The timing of Wolf Hall’s arrival on television is twice-blessed. It benefits from both a vogue for historical fiction and a post-Sopranos taste for complicated, mostly American drama built around anti-heroes, bastards redeemed, partially, by their own charisma – in the eyes of the viewers at least. Anyone seeking to identify its British antecedents should look to I, Claudius (although Wolf Hall is much more sophisticated than that often stagey production) and most of all to Alex Guinness’s wonderful portrayal of George Smiley in the le Carré adaptations of the 1970s and 80s. Indeed, an alternative name for Wolf Hall might have been Thinker, Gaoler, Soldier, Spy. It has the same languor, the same sense of cloistered, clustered male power, and it is equally willing to risk being boring.

Mantel’s Wolf Hall occupies the first four episodes of the series. Bring Up The Bodies, which covers the period leading up to the execution of Anne Boleyn and Henry’s marriage to Jane Seymour, is corseted into the final two. The novels contain, it is estimated, around 600,000 words. Peter Straughan’s script is a tenth of that, so, inevitably, there is compression and some lamentable omissions. What we lose, mostly, is the novelist’s fever for description. Bernard Hill gives a fine, volcanic Brian Blessed-esque performance as the Duke of Norfolk, but even his best efforts and that of the BBC’s wardrobe department cannot come close to Mantel’s manic piling of images: “Flint-faced and keen-eyed, he is lean as a gnawed bone and as cold as an axe head; his joints seem knitted together of supple chain links, and indeed he rattles a little as he moves, for his clothes conceal relics: in tiny jewelled cases he has shavings of skin and snippets of hair, and set into medallions he wears splinters of martyrs’ bones.”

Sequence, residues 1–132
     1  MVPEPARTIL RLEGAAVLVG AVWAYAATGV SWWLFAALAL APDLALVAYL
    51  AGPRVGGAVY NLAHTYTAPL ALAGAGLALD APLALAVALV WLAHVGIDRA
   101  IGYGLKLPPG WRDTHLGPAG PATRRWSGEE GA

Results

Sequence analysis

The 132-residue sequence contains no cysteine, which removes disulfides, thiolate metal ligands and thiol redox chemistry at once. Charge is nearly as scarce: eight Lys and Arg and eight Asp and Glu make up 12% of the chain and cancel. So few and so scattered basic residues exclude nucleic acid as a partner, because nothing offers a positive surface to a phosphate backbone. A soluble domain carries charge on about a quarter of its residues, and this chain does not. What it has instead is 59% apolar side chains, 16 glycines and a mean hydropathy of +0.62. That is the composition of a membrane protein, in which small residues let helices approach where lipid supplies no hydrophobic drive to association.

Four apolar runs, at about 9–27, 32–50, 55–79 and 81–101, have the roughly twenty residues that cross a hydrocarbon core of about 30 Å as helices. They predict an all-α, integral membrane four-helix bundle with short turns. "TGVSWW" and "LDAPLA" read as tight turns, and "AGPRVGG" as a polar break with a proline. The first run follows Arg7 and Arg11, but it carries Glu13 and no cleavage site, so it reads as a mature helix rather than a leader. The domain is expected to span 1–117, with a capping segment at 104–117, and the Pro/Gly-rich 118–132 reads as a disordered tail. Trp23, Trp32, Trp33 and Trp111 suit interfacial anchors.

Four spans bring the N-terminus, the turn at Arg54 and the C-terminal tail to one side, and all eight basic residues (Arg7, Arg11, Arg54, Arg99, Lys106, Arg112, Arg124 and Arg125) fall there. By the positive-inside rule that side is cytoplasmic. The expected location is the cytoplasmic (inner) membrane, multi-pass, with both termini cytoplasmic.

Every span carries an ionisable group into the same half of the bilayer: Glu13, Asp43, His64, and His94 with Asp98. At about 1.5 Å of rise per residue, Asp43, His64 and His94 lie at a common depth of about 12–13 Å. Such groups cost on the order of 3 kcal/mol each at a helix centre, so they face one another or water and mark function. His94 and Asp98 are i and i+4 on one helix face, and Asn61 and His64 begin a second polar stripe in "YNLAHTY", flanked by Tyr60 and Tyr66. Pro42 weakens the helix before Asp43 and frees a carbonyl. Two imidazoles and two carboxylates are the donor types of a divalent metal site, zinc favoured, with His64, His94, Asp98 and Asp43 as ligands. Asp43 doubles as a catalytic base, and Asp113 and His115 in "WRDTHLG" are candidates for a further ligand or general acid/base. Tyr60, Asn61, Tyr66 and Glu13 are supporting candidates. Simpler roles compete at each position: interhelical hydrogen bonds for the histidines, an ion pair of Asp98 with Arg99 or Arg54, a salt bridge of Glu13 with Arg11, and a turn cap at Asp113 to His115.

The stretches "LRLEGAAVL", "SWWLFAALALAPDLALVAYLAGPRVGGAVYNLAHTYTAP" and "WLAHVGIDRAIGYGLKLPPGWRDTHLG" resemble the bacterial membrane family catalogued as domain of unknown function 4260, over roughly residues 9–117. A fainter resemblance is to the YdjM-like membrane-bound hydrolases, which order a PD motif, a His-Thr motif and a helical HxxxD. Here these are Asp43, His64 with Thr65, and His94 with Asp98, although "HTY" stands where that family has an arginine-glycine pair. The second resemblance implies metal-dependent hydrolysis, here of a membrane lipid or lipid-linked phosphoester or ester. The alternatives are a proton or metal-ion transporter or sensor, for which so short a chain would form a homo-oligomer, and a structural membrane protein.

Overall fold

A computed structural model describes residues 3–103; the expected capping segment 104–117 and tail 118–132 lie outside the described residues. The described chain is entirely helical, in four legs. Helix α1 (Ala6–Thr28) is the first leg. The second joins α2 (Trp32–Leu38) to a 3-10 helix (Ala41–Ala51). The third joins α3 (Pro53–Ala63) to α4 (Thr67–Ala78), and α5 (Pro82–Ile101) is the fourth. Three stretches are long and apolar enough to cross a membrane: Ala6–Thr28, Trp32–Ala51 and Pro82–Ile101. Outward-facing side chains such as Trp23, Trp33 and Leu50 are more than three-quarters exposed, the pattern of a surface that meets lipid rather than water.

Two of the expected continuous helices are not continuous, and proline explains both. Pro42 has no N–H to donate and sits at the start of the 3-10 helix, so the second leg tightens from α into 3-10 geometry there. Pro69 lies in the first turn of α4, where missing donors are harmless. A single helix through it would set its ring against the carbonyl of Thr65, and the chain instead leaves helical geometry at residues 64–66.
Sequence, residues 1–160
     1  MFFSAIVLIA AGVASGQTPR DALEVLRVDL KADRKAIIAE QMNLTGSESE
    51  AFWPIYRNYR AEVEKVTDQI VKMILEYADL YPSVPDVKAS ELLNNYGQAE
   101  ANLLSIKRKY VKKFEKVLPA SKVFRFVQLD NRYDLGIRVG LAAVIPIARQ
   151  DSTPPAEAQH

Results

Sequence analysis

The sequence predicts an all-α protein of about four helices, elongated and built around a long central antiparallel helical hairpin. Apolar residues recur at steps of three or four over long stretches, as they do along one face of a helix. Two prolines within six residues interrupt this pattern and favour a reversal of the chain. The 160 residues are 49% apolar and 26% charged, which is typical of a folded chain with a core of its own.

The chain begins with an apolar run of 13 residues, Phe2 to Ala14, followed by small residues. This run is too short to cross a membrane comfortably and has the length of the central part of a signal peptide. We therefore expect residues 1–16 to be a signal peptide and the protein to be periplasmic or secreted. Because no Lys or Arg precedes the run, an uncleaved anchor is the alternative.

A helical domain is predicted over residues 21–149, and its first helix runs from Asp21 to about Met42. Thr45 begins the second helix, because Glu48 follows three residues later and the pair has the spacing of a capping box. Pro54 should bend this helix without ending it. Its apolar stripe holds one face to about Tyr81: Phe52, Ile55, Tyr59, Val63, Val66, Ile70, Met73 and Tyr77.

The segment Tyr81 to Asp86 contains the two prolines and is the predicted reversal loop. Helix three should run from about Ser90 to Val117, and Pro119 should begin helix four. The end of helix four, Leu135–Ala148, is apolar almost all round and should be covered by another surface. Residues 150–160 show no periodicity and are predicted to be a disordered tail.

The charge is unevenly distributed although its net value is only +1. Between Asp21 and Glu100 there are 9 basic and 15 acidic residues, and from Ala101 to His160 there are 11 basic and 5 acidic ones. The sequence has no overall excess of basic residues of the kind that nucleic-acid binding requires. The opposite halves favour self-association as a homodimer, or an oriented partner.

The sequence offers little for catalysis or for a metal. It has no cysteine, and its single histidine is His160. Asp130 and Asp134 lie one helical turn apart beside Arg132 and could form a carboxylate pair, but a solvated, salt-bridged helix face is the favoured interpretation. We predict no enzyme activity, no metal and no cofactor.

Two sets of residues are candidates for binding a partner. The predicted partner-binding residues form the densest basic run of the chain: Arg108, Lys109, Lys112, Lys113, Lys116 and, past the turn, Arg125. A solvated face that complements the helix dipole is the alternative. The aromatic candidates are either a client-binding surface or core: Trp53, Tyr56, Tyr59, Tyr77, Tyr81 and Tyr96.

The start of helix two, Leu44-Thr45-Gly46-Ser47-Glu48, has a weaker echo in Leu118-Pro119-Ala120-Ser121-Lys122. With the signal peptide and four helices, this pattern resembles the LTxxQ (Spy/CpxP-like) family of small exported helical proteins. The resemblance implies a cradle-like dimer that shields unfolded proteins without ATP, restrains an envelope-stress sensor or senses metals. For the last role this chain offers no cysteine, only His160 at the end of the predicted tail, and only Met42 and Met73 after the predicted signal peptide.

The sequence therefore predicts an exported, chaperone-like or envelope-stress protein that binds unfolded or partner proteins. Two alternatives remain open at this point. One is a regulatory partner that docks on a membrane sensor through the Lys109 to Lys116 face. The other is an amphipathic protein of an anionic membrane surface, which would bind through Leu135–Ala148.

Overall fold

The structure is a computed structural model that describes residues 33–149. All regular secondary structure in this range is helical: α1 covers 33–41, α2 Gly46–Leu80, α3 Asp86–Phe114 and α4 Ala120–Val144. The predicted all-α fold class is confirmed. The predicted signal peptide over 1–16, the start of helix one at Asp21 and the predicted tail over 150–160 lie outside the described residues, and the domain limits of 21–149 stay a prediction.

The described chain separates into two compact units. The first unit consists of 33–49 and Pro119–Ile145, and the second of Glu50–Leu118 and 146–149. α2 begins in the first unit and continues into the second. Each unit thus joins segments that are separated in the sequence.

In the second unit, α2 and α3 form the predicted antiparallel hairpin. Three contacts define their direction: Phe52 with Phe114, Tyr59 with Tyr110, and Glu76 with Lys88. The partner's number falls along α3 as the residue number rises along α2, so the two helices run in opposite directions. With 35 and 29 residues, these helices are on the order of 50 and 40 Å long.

It is a relief that Straughan has had the sense and taste to retain at least a flavour of Norfolk’s vivid oathmongering. “Oh,” he bellows at one point, “by the thrice-beshitten shroud of Lazarus!” There are a few occasions in the series like that, where ‘Wolf Hall’s’ closed air of deep seriousness is fouled by a whiff of something rather more bawdy, Bruegel overpainting Holbein, and it is the better for it.

Best of all are those moments when Cromwell and the king are alone together. Henry, as played by Damian Lewis, is a kind of monstrous child who displays all his feelings on his face – joy, jealousy, anger, fear, grief – while fatherly Cromwell, of course, shows none of that. Yet there is between the two men, the two actors, an energy present at no other time. This is the tragic love story at the heart of Wolf Hall. Henry cannot find a woman to bear him a son and heir; Cromwell, having lost his wife and daughters to disease, appears to find a consoling immersion in his work for the king. They need each other. There is, in the fifth episode, a wonderful pair of scenes in which they are first estranged and then reconciled, Henry’s pale eye flashing with rage and then regret, Cromwell’s pale skin growing paler in the eye of his master’s tempest.

History tells us that the relationship will end on the executioner’s block. The powerful Cromwell Holbein painted will become just another head spiked on London Bridge. Yet that dreadful fall will be for another novel, Mantel’s forthcoming The Mirror And The Light, and – who can doubt? – another BBC series. For the moment, it is enough to luxuriate in the stately stillness of Wolf Hall, a drama which casts a long regal shadow over the rest of British television and which, thanks in particular to Rylance’s performance, reigns supreme.